Yay, you're engaged! You found the love of a lifetime—and of course the diamond engagement ring of your dreams! And while you could make a list a mile along of everything that makes your fiancé special, there are plenty of amazing facts we bet you didn't know about that diamond on your finger.
If you've ever found yourself asking “how did this rock become a brilliant, sparkling diamond that made its way to my finger?”, you've come to the right place. The ancient Greeks believed diamonds were tears of the Gods fallen from the sky, and while we seriously wish that were true, we set out to get to the bottom of how the modern-day diamond came to be. “Diamonds are truly a miracle of nature” says Grant Mobley, Diamond Expert at Pluczenik. “What most people don’t know is how many factors have to align just perfectly for a diamond to form and come close to the surface of the earth in order for us to enjoy them.” Are you ready to find out why that sparkler on your ring is even more special than you thought? Here, 5 true facts about diamonds we still can't believe!
It takes from 1 to 3 billion years for a diamond to fully form 100 miles below the earth’s surface in very specific parts where the combination of temperature and pressure is just right. It doesn’t stop there, “diamonds are stuck 100 miles below the earth’s surface unless another set of improbable circumstances bring them to, or close to the surface” tells Mobley.
Cue elevator music.
Our precious ancient stones must wait for extremely rare volcanic eruptions to occur at the depth of their formation for them to take a ride up to the surface in rocks called Kimberlite by way of magma, stopping just short of the surface, leaving diamonds just under the surface for us to find.
“The idea of cutting diamonds and polishing them to maximize the brilliance of the stone came around in the Middle Ages” tells Mobley. Before diamond cutting techniques were around, diamonds were used in jewelry in their natural shape, called an octahedron.
It wasn’t until 100 years ago that the “round brilliant” cut was created! Post Middle Ages, we got a little better at adding more facets and changing proportions to keep achieving more and more scintillating results. “The most notable cuts are the Old European, Old Mine Cut, and the Rose Cut” says Mobley. “Diamond cutters no longer use these cuts, but having one definitely has its charm. It shows that it was likely cut 100 or more years ago.” Talk about vintage… these stones are definitely making a come back.
We all know the magic word “carat”, it gives us an idea of how big our bling will be. But did you know the name originates from the seeds of the carob tree which was used as the gold standard for weighing precious stones centuries before our modern day scales came about? Thankfully we’re not in the Middle Ages anymore, they didn’t seem to get the shimmer factor.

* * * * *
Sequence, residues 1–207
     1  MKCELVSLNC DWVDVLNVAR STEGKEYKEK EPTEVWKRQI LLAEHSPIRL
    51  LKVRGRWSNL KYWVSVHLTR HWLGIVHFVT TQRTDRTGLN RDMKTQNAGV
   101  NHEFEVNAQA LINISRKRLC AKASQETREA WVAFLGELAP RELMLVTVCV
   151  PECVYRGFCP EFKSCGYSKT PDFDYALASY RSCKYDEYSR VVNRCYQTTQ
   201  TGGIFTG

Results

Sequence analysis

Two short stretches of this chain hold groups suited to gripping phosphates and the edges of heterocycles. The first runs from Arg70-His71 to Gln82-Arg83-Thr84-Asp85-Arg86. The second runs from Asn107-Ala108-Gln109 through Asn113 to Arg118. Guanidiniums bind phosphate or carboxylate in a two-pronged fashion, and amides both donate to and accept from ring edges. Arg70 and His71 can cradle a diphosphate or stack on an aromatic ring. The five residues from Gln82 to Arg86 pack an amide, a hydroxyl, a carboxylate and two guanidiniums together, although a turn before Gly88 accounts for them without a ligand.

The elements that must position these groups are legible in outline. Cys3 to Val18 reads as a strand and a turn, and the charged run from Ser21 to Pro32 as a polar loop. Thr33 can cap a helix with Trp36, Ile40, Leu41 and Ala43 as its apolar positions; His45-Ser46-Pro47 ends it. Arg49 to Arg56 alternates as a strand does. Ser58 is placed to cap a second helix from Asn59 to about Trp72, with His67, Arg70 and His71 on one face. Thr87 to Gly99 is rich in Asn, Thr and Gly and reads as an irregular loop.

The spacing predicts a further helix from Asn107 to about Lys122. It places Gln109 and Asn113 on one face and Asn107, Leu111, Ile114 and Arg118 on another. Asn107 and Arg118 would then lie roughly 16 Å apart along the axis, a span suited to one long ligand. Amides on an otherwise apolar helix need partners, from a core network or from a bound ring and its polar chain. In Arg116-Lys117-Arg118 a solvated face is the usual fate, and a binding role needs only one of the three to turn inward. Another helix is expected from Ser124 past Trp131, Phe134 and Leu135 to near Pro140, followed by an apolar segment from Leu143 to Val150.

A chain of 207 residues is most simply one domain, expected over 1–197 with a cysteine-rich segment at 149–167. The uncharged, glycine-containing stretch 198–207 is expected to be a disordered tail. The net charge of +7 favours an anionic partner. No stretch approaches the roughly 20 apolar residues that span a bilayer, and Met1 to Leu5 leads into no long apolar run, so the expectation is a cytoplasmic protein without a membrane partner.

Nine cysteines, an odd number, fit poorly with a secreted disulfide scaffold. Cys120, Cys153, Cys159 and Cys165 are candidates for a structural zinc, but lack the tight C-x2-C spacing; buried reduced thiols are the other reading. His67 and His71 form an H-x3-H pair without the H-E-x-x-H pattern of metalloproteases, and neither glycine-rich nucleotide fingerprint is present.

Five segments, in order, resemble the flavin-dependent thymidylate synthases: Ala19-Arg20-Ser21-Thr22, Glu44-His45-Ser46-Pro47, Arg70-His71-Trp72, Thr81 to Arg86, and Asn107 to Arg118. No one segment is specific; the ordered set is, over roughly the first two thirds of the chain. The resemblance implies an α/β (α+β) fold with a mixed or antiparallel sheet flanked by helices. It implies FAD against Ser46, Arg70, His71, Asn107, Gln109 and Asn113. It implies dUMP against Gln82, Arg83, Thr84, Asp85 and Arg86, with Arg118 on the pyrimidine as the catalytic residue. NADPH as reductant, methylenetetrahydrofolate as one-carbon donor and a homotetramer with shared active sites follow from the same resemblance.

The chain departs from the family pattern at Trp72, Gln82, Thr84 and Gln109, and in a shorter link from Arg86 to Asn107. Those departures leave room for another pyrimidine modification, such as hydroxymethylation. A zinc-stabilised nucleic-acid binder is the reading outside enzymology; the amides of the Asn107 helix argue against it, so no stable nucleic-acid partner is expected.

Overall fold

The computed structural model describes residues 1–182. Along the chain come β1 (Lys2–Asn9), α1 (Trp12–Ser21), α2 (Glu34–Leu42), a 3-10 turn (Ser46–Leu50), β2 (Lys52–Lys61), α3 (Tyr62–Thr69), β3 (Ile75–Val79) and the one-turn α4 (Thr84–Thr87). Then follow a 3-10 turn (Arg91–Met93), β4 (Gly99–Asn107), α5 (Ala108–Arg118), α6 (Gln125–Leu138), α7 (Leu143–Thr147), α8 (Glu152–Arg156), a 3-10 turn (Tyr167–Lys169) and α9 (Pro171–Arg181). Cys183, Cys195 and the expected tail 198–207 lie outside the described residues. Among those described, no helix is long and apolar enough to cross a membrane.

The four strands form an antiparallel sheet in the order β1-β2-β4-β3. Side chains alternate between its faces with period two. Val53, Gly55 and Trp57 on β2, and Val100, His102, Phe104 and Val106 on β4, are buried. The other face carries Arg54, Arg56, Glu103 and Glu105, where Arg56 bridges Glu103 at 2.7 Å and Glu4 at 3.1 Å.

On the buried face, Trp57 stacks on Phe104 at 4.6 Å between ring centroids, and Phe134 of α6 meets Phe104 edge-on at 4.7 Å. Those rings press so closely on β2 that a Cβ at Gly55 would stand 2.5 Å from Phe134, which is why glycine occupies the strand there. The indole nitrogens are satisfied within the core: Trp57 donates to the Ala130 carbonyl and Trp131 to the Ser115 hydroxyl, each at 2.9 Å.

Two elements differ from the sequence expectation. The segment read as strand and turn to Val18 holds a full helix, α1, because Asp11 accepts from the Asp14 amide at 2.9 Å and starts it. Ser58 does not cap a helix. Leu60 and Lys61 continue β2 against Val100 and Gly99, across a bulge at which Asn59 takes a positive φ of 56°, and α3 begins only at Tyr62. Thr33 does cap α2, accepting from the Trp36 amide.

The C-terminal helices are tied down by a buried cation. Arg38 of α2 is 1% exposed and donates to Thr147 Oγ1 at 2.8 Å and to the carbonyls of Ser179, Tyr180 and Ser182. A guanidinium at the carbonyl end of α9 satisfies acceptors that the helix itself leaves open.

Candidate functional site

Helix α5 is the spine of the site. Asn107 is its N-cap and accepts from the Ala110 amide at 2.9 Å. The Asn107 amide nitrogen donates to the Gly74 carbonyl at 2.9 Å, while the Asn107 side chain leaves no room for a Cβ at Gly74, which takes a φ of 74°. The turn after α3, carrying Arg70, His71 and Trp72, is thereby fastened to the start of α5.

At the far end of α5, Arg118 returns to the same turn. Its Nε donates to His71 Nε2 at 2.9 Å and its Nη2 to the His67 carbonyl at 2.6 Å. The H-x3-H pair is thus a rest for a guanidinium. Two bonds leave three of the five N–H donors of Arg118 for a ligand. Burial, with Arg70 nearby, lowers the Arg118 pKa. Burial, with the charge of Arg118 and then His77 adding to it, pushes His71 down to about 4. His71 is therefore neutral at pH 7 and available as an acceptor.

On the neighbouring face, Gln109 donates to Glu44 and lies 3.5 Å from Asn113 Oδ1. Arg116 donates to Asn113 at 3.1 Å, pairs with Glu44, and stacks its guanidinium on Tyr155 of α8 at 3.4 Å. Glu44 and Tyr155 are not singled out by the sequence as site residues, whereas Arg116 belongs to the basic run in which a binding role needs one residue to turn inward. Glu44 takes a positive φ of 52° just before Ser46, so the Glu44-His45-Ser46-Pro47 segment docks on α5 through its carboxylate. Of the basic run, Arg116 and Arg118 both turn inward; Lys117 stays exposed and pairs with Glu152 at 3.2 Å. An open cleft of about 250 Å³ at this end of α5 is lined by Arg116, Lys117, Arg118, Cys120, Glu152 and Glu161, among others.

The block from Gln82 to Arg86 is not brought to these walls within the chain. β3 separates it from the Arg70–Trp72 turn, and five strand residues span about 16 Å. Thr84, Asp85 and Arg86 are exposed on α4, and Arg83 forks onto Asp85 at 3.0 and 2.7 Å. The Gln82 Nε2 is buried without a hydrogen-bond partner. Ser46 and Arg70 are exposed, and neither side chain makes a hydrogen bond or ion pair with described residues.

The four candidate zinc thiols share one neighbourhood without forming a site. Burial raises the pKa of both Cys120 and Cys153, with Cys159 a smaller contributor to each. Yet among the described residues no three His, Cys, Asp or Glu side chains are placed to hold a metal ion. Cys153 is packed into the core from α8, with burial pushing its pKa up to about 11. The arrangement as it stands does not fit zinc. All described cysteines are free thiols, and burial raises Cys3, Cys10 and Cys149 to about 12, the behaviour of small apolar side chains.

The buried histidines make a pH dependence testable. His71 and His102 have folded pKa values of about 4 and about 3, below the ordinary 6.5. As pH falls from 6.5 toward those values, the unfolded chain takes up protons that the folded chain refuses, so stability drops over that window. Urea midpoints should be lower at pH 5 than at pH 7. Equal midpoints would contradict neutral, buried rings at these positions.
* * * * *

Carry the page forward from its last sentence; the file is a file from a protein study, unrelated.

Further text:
Fast-forward to modern day. “Even today, with modern technology, diamond cutting is still a blend of art and science” tells Mobley, “Before modern technology even diamonds of 0.01 of 1 carats had to be cut into very simple cuts called 'single cuts' because they were too small to make all of the facets required for a brilliant cut diamond. Now diamonds 4 times smaller can be cut with the full 58 facets required for the brilliant cut.” What does that mean for you? Your diamonds might sparkle a lot more than your grandmother’s jewels—creating amazing looks that were never possible before.
Mobley tells us, “people often wonder which cut of diamond looks the largest, but there is no simple answer to that question. It’s generally thought that the oval and marquise cut diamonds, because they are elongated, give the illusion that they are larger.” Two diamonds that both weigh one carat can actually have different diameters due to the stone’s depth.
Beware however, “if a diamond is too shallow, light will leak out of the bottom, causing it to look lifeless” warns Mobley. The most important factor? How the diamond looks to you personally!
“Diamonds alone are one of the earth’s great natural rarities. Their journey to our hands is based on a series of incredibly rare occurrences, and natural colored diamonds such as pinks, reds, blues, and greens are exponentially rarer and thus more expensive” explains Mobley. “Because the carbon structure of a diamond is so tight, there are very few impurities that can cause color in diamonds.”
Yellow & Brown Diamonds: Caused by nitrogen impurities Blue Diamonds: Caused by boron impurities Pink & Red Diamonds: Caused by deformation in the lattice structure
Mobley tells us, “red diamonds are by far the rarest of all diamonds. The largest is only about 5 carats, compared to the largest cut white diamonds at over 500 carats! It is this incredible rarity that gives fancy color diamonds their very high value, with the added bonus of being amazingly beautiful.”
The most expensive jewel ever sold at auction came in at $71.2 million at Sotheby’s in Hong Kong just this year. The brilliant massive pink diamond weighed in at 59.60 carats. Now that’s impressive.